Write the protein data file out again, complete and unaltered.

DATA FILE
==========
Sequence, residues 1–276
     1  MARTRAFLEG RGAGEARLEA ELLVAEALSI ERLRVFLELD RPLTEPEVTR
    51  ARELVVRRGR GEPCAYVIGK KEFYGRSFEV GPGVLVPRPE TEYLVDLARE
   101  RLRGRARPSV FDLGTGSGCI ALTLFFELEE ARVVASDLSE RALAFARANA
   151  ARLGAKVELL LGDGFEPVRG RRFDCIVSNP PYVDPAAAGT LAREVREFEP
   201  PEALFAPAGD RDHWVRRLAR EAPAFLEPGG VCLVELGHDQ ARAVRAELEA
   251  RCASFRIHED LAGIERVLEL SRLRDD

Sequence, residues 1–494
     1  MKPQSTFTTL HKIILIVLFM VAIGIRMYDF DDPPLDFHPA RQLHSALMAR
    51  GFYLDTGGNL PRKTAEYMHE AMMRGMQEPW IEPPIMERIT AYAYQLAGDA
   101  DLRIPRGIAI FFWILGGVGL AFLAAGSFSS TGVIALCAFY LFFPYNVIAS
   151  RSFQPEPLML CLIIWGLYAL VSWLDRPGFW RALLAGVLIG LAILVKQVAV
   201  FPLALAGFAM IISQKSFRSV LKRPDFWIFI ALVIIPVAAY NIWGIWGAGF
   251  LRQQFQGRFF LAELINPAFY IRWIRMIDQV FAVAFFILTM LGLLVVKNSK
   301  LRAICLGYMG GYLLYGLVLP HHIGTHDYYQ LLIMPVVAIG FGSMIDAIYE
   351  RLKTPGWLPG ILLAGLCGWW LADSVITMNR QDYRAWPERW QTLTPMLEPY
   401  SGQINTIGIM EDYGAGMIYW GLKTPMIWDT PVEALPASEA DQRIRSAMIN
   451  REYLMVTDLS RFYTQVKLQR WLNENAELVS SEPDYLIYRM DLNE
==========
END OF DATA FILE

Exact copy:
Sequence, residues 1–276
     1  MARTRAFLEG RGAGEARLEA ELLVAEALSI ERLRVFLELD RPLTEPEVTR
    51  ARELVVRRGR GEPCAYVIGK KEFYGRSFEV GPGVLVPRPE TEYLVDLARE
   101  RLRGRARPSV FDLGTGSGCI ALTLFFELEE ARVVASDLSE RALAFARANA
   151  ARLGAKVELL LGDGFEPVRG RRFDCIVSNP PYVDPAAAGT LAREVREFEP
   201  PEALFAPAGD RDHWVRRLAR EAPAFLEPGG VCLVELGHDQ ARAVRAELEA
   251  RCASFRIHED LAGIERVLEL SRLRDD

Sequence, residues 1–494
     1  MKPQSTFTTL HKIILIVLFM VAIGIRMYDF DDPPLDFHPA RQLHSALMAR
    51  GFYLDTGGNL PRKTAEYMHE AMMRGMQEPW IEPPIMERIT AYAYQLAGDA
   101  DLRIPRGIAI FFWILGGVGL AFLAAGSFSS TGVIALCAFY LFFPYNVIAS
   151  RSFQPEPLML CLIIWGLYAL VSWLDRPGFW RALLAGVLIG LAILVKQVAV
   201  FPLALAGFAM IISQKSFRSV LKRPDFWIFI ALVIIPVAAY NIWGIWGAGF
   251  LRQQFQGRFF LAELINPAFY IRWIRMIDQV FAVAFFILTM LGLLVVKNSK
   301  LRAICLGYMG GYLLYGLVLP HHIGTHDYYQ LLIMPVVAIG FGSMIDAIYE
   351  RLKTPGWLPG ILLAGLCGWW LADSVITMNR QDYRAWPERW QTLTPMLEPY
   401  SGQINTIGIM EDYGAGMIYW GLKTPMIWDT PVEALPASEA DQRIRSAMIN
   451  REYLMVTDLS RFYTQVKLQR WLNENAELVS SEPDYLIYRM DLNE